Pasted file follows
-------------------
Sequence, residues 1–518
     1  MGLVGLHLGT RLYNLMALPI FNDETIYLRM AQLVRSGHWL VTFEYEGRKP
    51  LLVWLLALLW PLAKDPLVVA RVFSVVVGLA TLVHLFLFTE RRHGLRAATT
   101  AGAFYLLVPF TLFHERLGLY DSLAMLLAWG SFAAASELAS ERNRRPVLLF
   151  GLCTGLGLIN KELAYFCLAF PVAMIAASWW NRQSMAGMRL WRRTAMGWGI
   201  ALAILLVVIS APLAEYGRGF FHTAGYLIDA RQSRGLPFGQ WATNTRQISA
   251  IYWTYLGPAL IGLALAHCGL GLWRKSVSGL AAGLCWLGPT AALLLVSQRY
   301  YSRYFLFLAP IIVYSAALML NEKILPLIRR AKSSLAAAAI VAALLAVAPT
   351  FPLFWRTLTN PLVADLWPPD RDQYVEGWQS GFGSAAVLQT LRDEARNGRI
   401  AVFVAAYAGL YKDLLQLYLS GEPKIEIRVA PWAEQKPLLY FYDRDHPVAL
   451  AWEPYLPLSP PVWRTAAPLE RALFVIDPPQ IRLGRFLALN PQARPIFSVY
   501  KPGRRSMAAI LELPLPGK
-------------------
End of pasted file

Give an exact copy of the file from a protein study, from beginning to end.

Sequence, residues 1–518
     1  MGLVGLHLGT RLYNLMALPI FNDETIYLRM AQLVRSGHWL VTFEYEGRKP
    51  LLVWLLALLW PLAKDPLVVA RVFSVVVGLA TLVHLFLFTE RRHGLRAATT
   101  AGAFYLLVPF TLFHERLGLY DSLAMLLAWG SFAAASELAS ERNRRPVLLF
   151  GLCTGLGLIN KELAYFCLAF PVAMIAASWW NRQSMAGMRL WRRTAMGWGI
   201  ALAILLVVIS APLAEYGRGF FHTAGYLIDA RQSRGLPFGQ WATNTRQISA
   251  IYWTYLGPAL IGLALAHCGL GLWRKSVSGL AAGLCWLGPT AALLLVSQRY
   301  YSRYFLFLAP IIVYSAALML NEKILPLIRR AKSSLAAAAI VAALLAVAPT
   351  FPLFWRTLTN PLVADLWPPD RDQYVEGWQS GFGSAAVLQT LRDEARNGRI
   401  AVFVAAYAGL YKDLLQLYLS GEPKIEIRVA PWAEQKPLLY FYDRDHPVAL
   451  AWEPYLPLSP PVWRTAAPLE RALFVIDPPQ IRLGRFLALN PQARPIFSVY
   501  KPGRRSMAAI LELPLPGK